13. Use a budgeting app
If you want to automate more of the budgeting process, there are some really great budgeting apps on the market right now. Here’s how budgeting apps work:
- Sign up for the app
- Connect your accounts – checking, savings, credit cards, other debt
- The app pulls your transactions and organizes them into different categories
- You go back in adjust everything to make sure your budget works for you
Some apps let you set alerts if you’re close to going over in a spending category – Mint does this. Other apps also track your investments and net worth – Personal Capital is my personal favorite for that.
M$M tip: My readers love YNAB, aka You Need A Budget, and you can learn why in YNAB Review 2020: The Most Effective Budgeting App Around? And you can find more options in Best Budgeting Apps and Personal Finance Tools.
14. Find a budgeting method that works for you
You can keep things simple by creating a basic budget in an Excel spreadsheet that tracks your expenses vs. income. The goal being to spend less than you make.
But there are different budgeting strategies that might be a better fit. Some give you more guidance or may work better with your personal finance style.
Here are two of the most popular budgeting methods:
- Zero-based budget: You start with how much money you make and allocate every last penny down to zero. You’re accounting for every single cent of your income before it’s even spent. This is sometimes known as the Ramsey budget because it was made popular by personal finance expert Dave Ramsey.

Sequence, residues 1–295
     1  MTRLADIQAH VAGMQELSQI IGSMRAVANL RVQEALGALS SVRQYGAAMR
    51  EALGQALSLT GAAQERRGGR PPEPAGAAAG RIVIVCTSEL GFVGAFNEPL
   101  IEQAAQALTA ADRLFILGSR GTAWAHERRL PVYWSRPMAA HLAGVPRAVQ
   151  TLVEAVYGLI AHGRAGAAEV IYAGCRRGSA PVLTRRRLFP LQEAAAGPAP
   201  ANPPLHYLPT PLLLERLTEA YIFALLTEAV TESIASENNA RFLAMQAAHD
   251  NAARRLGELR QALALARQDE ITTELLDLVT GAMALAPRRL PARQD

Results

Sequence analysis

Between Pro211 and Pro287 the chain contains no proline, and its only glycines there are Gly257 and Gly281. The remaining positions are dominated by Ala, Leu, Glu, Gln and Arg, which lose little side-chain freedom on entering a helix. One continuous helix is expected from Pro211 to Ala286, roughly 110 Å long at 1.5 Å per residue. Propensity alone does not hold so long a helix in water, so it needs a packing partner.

- 50/30/20 budget: This is a budget planning concept in which you allocate 50% of your income for needs, 30% for wants, 20% for savings and debt.
15. Don’t forget about semi-annual expenses
Insurance premiums, registration fees for your car, and taxes – these bills don’t come up every month, but you still need to plan for them on a monthly basis.
You can use last year’s payment to estimate how much your upcoming payment will be, and then set a savings goal each month so you have enough saved when that bill is due.
16. Try a cash budget
A cash budget is when you withdraw cash from your bank account and set it aside for different expenses. It’s sometimes called the envelope budget.
In theory, you would have an envelope for groceries, going out to eat, gas, clothes, and anything else you can pay for with cash. You can even do a hybrid version where you pull out cash for the spending categories you struggle with.
This is one of the budgeting tips that works well for people who need a physical reminder of how much they can spend. Cash is tangible, so you’re seeing exactly how much you have available.
17. Find ways to save money